The Dust We Breathe
A normal adult breathes in around 66 lbs. of air every day and it contains literally billions-upon-billions of dirt particles. Considering that we spend an average of 90 percent of our time indoors, it becomes obvious that to keep allergies and irritants at bay, we should make sure that the air we breathe is as contaminant free as possible.
Studies have shown that the air that circulates in a normal home is as dirty as that of a large city. As a result, an average person can expect to breathe in around 50 billion contaminant particles per hour.
Air-borne dirt comes from a number of sources: cars, vegetation, industries, smoke, pets and people. Pollen and dust mites, two of the most common irritants, are so small that they are invisible to the naked eye. Even dust mite droppings can easily enter our lungs and irritate our eyes.
Dirt is in our schools, workplaces, homes and in our cars. If the buildings where we spend large parts of our day are ventilated, things can get even worse. Poorly maintained ventilation systems are a prime source of "bad air," air that contains mold and bacteria circulated together with all the other particulate matter we end up breathing.
How Small is Small?
The particles that float in the air around us are so small that individually, they range from being hard to spot to completely invisible. They are easily whipped up from floors and surfaces to drift around until they either gently settle again, or are inhaled into our lungs.
When you consider that the average human hair is between 50 to 100 microns across, a dirt particle of 0.06 microns seems unimportant. But in large quantities, even particles this small can cause all kinds of problems. In high concentrations they cause problems in the form of irritations, allergies, asthma and bronchitis.
Realistically, dirt particles will always be in the air no matter how often we clean. By keeping these particles at lower levels we can reduce their ill effects on our health.
What's the answer?
The old expression, "Cleanliness is next to godliness" could easily be rewritten to say "Cleanliness is next to healthiness" especially when it comes to allergies.
Vacuum! Keep the place clean. There is no simpler way to stop dirt from fouling the indoor air we breathe than to vacuum often. Choose a vacuum cleaner with strong suction, an airtight, sealed design and a filter that stops dust from leaking back into the room once it's been vacuumed up.
Clean those hard-to-reach places too. Vacuum underneath sofas and beds, behind furniture and pay special attention to corners and around the baseboards. Door frames, ceiling fans, louvered doors and mini blinds all collect dust.
Kitchens and bathrooms are prime places where dirt just seems to appear and where it can have detrimental affects on our health. These rooms tend to be damp which provides lots of food for microbes to thrive on. Damp dirt is more harmful than dry dirt. While most microorganisms dry out and eventually die in dry conditions, they thrive where it is damp. The same rule applies to the microbes that live in the dust and dirt in our homes. When you vacuum in damp conditions it is important to change the filter bag frequently. Otherwise, any bacteria or molds that have collected in the filter bag will multiply.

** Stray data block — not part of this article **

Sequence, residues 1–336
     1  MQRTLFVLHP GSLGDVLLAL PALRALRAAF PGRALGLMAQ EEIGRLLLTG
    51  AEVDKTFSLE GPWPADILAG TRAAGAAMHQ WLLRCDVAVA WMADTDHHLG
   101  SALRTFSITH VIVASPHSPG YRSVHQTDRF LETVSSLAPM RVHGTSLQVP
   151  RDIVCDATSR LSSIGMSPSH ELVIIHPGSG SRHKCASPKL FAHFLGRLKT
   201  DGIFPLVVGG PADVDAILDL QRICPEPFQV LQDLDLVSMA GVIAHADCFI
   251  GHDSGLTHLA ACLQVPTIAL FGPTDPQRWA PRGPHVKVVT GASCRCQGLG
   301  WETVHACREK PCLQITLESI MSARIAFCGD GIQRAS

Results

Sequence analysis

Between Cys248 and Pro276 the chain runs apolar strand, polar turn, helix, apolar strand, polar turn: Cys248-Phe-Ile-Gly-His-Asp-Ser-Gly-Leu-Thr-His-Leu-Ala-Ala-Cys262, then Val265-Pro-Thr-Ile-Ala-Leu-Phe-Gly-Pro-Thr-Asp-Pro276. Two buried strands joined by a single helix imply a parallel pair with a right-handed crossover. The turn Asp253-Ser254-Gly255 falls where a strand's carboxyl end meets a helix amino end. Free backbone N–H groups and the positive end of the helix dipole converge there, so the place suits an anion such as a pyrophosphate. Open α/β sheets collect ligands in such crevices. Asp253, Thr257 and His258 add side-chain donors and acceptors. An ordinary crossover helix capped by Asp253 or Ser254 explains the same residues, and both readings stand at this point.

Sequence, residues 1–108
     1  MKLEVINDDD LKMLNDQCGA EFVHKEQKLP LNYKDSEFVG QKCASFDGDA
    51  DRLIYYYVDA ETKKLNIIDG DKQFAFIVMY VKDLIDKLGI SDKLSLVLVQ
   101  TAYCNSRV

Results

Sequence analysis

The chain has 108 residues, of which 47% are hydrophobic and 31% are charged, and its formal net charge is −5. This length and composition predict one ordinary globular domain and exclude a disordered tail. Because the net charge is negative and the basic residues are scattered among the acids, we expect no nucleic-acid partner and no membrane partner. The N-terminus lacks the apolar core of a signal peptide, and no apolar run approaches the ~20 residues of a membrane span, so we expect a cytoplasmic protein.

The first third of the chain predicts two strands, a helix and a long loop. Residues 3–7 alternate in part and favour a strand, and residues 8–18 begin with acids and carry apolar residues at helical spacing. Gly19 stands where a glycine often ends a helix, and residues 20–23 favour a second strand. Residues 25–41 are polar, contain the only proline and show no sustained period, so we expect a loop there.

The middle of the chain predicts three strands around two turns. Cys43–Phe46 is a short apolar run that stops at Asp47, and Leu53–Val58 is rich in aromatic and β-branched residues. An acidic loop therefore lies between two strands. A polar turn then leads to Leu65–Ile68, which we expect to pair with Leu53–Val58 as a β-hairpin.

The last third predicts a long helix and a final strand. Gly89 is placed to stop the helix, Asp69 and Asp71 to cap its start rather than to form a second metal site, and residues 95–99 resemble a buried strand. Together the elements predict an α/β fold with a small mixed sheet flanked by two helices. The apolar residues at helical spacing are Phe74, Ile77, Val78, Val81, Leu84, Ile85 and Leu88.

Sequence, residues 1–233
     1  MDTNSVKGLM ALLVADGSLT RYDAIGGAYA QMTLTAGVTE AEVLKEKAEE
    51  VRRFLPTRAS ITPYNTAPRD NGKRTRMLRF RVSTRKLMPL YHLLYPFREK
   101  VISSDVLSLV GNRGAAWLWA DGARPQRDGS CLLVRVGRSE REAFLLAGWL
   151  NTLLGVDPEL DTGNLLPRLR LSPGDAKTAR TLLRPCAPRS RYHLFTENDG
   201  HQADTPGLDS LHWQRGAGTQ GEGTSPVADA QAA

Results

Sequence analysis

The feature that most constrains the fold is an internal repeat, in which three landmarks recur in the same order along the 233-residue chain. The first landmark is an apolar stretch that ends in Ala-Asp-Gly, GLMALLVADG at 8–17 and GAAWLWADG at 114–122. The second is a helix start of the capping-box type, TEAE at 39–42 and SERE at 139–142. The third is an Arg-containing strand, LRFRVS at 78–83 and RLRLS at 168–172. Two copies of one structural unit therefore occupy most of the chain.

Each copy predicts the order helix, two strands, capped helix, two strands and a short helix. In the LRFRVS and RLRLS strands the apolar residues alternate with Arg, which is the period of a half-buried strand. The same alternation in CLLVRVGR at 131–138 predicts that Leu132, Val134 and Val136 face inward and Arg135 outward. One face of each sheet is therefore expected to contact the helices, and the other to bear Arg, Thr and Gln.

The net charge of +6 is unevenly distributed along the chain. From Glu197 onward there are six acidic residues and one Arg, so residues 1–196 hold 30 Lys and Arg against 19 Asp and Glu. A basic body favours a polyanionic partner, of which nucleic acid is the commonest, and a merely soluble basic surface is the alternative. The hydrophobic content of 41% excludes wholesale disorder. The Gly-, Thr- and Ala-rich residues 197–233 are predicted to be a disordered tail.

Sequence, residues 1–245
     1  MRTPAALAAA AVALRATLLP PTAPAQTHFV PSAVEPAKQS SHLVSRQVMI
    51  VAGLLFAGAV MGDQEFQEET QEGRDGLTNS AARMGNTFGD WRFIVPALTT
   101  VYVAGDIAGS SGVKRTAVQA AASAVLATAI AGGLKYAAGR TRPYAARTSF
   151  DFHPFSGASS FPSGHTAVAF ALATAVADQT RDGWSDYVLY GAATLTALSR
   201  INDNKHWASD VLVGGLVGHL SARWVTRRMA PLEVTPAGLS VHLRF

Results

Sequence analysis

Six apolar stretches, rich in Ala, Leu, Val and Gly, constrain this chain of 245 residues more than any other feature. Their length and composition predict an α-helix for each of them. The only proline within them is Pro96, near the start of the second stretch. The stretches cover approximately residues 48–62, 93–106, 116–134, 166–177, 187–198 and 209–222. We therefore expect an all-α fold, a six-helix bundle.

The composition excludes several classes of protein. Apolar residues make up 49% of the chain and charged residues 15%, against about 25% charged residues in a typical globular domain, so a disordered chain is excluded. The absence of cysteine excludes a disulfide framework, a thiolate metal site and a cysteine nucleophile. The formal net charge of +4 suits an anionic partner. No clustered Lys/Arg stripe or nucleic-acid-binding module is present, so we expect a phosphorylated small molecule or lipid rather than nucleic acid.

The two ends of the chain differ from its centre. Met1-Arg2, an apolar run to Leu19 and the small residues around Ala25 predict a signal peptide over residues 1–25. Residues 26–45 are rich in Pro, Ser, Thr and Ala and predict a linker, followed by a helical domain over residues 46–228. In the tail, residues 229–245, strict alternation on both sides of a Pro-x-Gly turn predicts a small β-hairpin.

Think of the word vacuum as a "verb" rather than a "noun". No vacuum cleaner is of any use at all if it just sits in a closet waiting to be plugged in. Your vacuum cleaner is also more efficient when the filter bag is changed regularly and not allowed to become overfilled. If you reuse the filter bag instead of replacing it with a new one you are wasting your time hoping for good filtration. Eureka makes triple filtration, sealable filter bags especially for people who have allergies.
Bagless vacuum cleaners can make it easy for people to avoid the whole problem of remembering to change the bag. The bagless cassette can be emptied after each use and then snapped back into place. Many however do not consider bagless to be very hypoallergenic. Many times when you empty a bagless vacuum you are exposed to dust and allergens and may spread them back into the home.
Not all vacuum cleaners are created equal. Some may suck in dirt, but they'll also let it out again. In this way, they work pretty much like a broom. While they may give you a visibly clean home at a reasonable price, real cleaning and filtration can be missing.
A better solution is to invest in a sealed vacuum cleaner that offers the same filtration as a professional air cleaner, filtering all air traveling through the system so that only clean air comes out of the vacuum. Vacuums with True HEPA capture 100% of dust mites and ragweed pollens along with hundreds of other allergens and irritants. True HEPA filtration is the same standard used by hospitals and is available in models with bags as well as bagless cyclonic models. To guarantee the best filtration, change the HEPA filter per the manufacturers direction. Be sure to read the wording that describes a vacuums filtering system; not all HEPA vacuums are True HEPA. Look for a sealed vacuum device such as those from BOSCH, Lindhaus and the Eureka Oxygen series.
Granted, vacuuming is work, but it's good for you and your family. Vacuuming keeps the dirt out of your home. Vacuuming frequently also saves you the work of a major clean-up, reducing dust on surfaces, cobwebs in corners and dust bunnies underneath furniture. Reducing the dust we breathe is good for everyone's health.